Today, Marquette University non-tenure track (NTT) faculty and graduate workers rallied to demand that the administration issue a written commitment to a fair process to form their union and avoid procedural challenges, delays, or union-busting tactics. In a display of overwhelming support, the workers were surrounded by tenure track/tenured faculty, undergraduate students and community supporters as they explained why a fair process is in alignment with Marquette’s Jesuit values and important to ensuring good faith for future negotiations.
“When we say a fair process, we mean the written assurance that the Marquette will abide by current case laws and not try to implement tactics to delay or deny our rights as workers. We love our school and our students, but Marquette is failing to uphold its Jesuit values of social justice, which means it is failing its workers. Any further delay in committing to a fair process or efforts to delay and derail our ability to vote for our union is a divorce from the very values Marquette claims to hold dear,” said Sue Giaimo, a non-tenure track professor in Political and Biomedical Sciences. “As a 15-year veteran Marquette non-tenure track faculty member, I’m helping to build our union to fix the level of job instability and stagnant wages we experience as professional academics, which have severe consequences for faculty teaching conditions and student outcomes.”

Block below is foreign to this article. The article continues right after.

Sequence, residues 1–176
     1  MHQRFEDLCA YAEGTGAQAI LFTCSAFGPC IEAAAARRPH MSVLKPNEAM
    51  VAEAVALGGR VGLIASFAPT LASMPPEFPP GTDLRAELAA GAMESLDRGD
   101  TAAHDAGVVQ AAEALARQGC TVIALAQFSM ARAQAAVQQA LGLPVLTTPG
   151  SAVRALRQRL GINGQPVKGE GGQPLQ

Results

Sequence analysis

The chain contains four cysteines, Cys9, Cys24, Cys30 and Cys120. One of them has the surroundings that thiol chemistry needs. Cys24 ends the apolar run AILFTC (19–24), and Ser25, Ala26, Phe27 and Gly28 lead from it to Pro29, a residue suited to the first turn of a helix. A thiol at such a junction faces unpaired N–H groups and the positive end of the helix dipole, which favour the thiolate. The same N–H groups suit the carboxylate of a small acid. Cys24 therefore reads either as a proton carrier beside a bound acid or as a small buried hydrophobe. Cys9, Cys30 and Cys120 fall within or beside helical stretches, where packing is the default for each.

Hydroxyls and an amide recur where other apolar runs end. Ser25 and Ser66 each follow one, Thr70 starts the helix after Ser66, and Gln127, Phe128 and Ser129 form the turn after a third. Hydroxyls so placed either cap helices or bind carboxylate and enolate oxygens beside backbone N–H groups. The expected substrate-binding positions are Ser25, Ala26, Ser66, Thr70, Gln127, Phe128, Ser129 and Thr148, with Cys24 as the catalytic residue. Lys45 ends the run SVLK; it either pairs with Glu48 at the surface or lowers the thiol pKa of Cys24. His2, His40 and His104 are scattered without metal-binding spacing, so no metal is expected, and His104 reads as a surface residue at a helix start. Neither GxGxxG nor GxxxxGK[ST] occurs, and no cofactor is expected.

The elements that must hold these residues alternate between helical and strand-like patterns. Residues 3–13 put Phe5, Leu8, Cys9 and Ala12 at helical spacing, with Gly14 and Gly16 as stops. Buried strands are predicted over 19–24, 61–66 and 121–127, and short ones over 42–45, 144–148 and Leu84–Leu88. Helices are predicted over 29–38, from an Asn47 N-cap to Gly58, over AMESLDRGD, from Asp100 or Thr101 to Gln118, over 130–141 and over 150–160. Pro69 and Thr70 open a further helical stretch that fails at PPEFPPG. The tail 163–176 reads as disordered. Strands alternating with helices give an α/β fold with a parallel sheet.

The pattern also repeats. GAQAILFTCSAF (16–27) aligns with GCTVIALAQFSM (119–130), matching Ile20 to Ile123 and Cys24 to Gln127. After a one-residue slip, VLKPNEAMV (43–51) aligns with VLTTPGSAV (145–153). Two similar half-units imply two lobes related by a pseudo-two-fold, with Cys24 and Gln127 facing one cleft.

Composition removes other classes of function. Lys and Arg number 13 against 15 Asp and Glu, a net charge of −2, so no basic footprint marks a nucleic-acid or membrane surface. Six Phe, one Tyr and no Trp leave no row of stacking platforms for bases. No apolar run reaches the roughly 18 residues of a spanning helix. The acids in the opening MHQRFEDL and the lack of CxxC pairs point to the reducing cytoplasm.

Marquette’s non-tenure track faculty and graduate workers announced their efforts to organize their respective unions on April 12. During the announcement, they presented to the administration public letters with hundreds of signatures from members across the campus community expressing support and solidarity of the unionizing efforts on campus.
“In my three years as a graduate teaching assistant, I have watched as our health insurance costs skyrocketed and were then taken away altogether. I lived with constant pain and nausea for months before I finally received Medicaid, which I now rely on to be treated because my employer denies me access to healthcare,” said Steve Vickers, a graduate worker and PhD candidate in the Department of History who suffers from chronic medical issues.
Maquette’s non-tenure track faculty and graduate workers are joining a nationwide movement in higher education for better working conditions, a living wage, job security, and benefits.
“I’m unionizing to bring much-needed reform. Right now, job security and fair pay are structural impossibilities for NTT faculty like me. There is no path for career advancement open to us. For me that means never being able to put down roots and always searching for the next faculty position. I love teaching here, but how can I give my students my best when teaching a four-course load means short-changing my future prospects? It’s an impossible choice. I need to know that great instruction is valued at Marquette, and that means reforming NTT contracts to reflect our crucial role here,” said Sebastian Bitticks, a non-tenure track professor in English.